Charlotte A. Coe ("testatrix") died on September 8, 1897 leaving a last will and testament dated September 1, 1897 which was duly admitted to probate. The National Newark and Essex Banking Company of Newark ("bank"), substituted trustee under said will, applies for instructions as to the proper method of distributing the corpus of the trust and for approval of its final account. This action was prompted by the death on September 13, 1960 of Theodora Margery Coe Tipton, the life tenant under the testamentary trust ("life tenant").
Part of the trust estate consists of land ("Coe parcel") located at the southwest corner of Washington and Plum Streets, Newark, New Jersey, and designated by testatrix in paragraph Fifth of her will as "my houses and lots on Plum Street."
Philip J. Bowers & Co. ("Bowers") instituted the second action seeking specific performance of an agreement to purchase the Coe parcel. Bowers and/or its assignee R.H. Macy & Co., Inc. ("Macy") are in possession of the Coe parcel under a 1925 lease entered into by their assignor, Aetna Realty Company, the former trustee and certain remaindermen then existing under the Coe will. The lease, inter alia , provides for the purchase of the Coe parcel at the termination of the life estate at a price to be determined by appraisal of the land plus $5,000, the agreed value of the building thereon at the time of the making of said lease agreement. The lease was renewed in 1955 wherein the provision for sale in the 1925 lease was ratified and confirmed. Some of the defendants in the Bowers action answered that they are not bound by their ancestors' signatures on the 1925 lease, and since they are not signatories to the 1955 lease, they are not obliged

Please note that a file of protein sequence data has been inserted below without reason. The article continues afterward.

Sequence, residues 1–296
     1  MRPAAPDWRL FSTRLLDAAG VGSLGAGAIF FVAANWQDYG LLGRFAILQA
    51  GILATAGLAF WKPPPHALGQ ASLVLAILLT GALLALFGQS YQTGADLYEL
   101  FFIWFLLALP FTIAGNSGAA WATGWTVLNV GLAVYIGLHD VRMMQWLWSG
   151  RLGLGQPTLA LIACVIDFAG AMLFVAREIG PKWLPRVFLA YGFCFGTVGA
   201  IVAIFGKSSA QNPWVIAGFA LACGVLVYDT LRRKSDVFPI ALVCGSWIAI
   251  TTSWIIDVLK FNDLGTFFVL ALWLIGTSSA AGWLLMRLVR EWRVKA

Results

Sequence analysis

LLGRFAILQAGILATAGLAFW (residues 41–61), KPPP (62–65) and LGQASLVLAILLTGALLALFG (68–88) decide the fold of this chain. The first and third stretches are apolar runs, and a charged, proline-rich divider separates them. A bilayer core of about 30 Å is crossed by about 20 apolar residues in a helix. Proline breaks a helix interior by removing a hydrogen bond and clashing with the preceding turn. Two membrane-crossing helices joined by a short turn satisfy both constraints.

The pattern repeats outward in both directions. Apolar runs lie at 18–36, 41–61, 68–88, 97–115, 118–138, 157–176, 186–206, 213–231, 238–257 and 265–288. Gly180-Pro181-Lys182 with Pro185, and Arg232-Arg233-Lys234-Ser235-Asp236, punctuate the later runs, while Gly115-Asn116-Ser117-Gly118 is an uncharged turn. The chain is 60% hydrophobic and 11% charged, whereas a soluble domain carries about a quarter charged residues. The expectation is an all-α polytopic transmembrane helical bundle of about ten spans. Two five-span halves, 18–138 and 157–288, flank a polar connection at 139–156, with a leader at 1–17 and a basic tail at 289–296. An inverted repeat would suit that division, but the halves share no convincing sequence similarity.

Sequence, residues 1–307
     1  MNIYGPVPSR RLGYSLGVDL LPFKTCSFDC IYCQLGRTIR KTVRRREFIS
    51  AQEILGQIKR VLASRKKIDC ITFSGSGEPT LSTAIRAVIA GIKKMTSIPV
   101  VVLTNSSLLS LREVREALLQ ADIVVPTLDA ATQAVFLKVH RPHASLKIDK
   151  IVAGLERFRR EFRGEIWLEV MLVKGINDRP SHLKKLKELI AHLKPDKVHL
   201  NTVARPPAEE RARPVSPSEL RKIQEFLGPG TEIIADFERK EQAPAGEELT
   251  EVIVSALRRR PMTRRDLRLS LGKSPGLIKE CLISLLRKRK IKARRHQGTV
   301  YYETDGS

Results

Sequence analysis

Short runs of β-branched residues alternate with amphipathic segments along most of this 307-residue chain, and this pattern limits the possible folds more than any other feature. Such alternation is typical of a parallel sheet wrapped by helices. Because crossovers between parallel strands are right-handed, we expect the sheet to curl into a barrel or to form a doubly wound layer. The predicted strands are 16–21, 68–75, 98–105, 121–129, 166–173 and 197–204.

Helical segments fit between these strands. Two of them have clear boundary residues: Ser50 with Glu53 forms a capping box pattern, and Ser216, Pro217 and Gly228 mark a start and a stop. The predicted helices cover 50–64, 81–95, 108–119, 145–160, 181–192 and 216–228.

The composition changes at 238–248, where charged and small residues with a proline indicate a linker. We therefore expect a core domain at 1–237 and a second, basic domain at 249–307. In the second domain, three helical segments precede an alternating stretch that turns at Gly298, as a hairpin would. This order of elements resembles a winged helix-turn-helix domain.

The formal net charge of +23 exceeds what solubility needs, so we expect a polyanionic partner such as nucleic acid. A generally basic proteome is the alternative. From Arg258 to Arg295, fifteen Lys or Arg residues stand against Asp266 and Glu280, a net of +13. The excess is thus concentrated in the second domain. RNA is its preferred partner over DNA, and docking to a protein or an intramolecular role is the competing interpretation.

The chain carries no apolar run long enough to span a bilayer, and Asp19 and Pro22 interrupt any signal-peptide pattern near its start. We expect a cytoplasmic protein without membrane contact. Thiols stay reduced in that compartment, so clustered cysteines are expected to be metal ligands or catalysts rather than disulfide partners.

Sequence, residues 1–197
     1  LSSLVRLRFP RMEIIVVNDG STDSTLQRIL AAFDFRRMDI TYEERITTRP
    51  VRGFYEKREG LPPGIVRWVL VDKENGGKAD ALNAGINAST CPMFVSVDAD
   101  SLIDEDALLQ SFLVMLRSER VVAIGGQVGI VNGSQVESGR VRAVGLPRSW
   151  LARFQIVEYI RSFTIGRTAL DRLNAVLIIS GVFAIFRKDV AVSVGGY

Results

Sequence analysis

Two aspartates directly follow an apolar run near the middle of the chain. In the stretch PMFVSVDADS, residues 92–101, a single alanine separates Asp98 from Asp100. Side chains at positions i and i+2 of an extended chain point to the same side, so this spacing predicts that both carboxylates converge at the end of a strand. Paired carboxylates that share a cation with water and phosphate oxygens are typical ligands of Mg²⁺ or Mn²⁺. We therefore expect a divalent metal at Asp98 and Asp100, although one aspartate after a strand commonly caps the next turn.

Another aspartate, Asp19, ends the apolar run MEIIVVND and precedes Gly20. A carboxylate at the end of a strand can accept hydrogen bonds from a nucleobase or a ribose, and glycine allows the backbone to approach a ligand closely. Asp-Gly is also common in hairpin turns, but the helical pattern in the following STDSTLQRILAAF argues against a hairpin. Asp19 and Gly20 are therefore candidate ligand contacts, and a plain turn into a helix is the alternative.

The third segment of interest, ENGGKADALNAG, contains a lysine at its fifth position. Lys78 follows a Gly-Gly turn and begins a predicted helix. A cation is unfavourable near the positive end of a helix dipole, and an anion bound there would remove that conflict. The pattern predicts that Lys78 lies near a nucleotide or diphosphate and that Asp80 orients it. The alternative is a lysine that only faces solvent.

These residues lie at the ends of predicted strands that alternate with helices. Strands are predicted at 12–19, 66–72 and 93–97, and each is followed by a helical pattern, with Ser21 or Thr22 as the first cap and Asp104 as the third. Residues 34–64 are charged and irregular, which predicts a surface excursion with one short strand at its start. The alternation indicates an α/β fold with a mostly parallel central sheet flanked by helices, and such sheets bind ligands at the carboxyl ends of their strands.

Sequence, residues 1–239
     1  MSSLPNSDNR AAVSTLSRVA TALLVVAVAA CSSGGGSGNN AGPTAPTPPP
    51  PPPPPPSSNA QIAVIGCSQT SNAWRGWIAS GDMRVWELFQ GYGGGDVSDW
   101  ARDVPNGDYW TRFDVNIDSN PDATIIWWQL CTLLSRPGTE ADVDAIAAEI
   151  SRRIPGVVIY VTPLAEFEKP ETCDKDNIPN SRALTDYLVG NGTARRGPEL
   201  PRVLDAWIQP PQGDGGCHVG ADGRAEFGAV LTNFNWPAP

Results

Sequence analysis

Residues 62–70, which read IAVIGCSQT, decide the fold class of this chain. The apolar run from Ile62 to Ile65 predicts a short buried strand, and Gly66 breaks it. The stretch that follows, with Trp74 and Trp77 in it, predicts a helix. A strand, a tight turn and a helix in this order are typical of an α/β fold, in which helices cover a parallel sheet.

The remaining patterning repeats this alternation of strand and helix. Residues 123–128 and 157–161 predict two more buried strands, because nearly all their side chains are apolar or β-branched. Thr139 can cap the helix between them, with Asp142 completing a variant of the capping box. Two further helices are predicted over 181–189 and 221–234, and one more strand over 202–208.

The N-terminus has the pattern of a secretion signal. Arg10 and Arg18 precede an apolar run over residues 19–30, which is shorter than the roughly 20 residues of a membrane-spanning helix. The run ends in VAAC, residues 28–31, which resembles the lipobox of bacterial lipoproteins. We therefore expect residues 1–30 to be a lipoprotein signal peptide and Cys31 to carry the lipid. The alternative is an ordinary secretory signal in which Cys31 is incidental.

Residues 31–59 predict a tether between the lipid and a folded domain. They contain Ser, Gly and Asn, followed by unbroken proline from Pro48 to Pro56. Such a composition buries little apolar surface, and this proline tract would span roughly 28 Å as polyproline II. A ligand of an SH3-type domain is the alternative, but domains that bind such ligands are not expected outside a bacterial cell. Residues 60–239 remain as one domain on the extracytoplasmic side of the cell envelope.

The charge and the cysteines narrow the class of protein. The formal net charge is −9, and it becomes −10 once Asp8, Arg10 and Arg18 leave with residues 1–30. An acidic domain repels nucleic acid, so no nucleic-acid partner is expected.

to convey their interests in the subject property to Bowers. The bank suit and the Bowers suit were consolidated for trial.
Following the original pretrial conference some of the defendants raised the point that the Coe parcel had been augmented by one-half of the bed of the former Plum Street, abutting thereon, upon the vacation of that street by the City of Newark in 1950. As a result, the administratrix of the life tenant's estate and certain remaindermen asserted counterclaims against the bank, alleging failure to charge and collect additional rent from Bowers or Macy with respect to the street bed section of the Coe parcel.